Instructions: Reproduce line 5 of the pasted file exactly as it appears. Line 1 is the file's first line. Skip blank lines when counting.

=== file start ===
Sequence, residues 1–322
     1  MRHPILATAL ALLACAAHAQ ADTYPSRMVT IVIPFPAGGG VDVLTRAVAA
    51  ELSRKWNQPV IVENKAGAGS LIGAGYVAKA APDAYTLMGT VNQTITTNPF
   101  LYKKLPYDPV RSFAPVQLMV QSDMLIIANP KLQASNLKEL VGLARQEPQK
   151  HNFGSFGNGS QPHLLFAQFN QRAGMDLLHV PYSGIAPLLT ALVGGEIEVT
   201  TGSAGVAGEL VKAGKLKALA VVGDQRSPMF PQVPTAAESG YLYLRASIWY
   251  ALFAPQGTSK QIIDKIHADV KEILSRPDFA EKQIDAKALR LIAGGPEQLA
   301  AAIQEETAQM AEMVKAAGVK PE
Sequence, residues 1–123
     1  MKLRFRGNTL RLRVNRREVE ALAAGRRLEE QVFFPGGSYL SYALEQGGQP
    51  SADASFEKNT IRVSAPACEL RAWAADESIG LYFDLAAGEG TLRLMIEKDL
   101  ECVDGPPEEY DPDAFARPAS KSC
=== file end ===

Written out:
   151  HNFGSFGNGS QPHLLFAQFN QRAGMDLLHV PYSGIAPLLT ALVGGEIEVT